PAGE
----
Bulls are known for aggressive, threatening behavior; that’s why we call people who behave this way towards others ‘bullies.’ Tight limits and wide margins are not only wise in a pasture, it’s also wise in ministry.
The church in this story has no official disability ministry, no “program.” They try very hard to organically meet the needs of individual families who worship there. This is a church-in-progress. It’s a church family becoming an increasing reflection of Christ; God is growing fruit. They realize there is a lot they don’t know or understand. And they’re excited to learn and grow as a community.
How can each follower of Jesus pursue justice for people with disabilities? We see in David a paradigm when he meets Mephibosheth. In 2 Samuel 9, we see David exemplify three simple practices that can help combat injustice and inequity for people with disabilities.
I’ve been in ministry long enough to know that the prayers and time spent seeking God determine the outcome of ministry and special events. Everyone working in the space of special needs or mental health ministry needs to stay prayed up, in God’s Word, for guidance, wisdom, and protection. Make no mistake, the work of all special needs ministry, including ministry to and with people whose disability is revealed in behavior, is very much intertwined with the battle over whose life holds value. Anyone working in this space is on the front line of the battle between darkness and light.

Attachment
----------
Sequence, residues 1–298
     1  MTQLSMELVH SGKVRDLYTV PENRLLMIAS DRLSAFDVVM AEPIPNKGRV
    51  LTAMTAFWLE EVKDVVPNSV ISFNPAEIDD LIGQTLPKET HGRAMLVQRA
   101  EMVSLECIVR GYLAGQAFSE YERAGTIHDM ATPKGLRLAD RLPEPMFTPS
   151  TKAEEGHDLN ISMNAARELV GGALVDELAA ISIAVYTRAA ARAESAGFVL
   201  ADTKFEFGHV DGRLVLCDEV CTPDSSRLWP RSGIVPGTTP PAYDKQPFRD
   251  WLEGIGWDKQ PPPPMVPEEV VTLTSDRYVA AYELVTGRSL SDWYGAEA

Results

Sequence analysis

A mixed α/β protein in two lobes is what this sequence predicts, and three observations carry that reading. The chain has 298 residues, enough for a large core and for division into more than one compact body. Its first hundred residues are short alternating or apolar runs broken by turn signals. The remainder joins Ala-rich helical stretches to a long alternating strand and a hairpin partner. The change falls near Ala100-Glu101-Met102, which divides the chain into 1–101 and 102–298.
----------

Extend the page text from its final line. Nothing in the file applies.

We want to see churches start with disability in their DNA. We want people with disabilities to be targets of the evangelistic efforts new churches make, and participants in the early stages of a church’s life. One of our core convictions is that when a church doesn’t include people with disabilities, the church itself is disabled. People with disabilities remind us that God’s grace is shown most powerfully in weakness. They remind us that we all must remain dependent on God for our daily bread.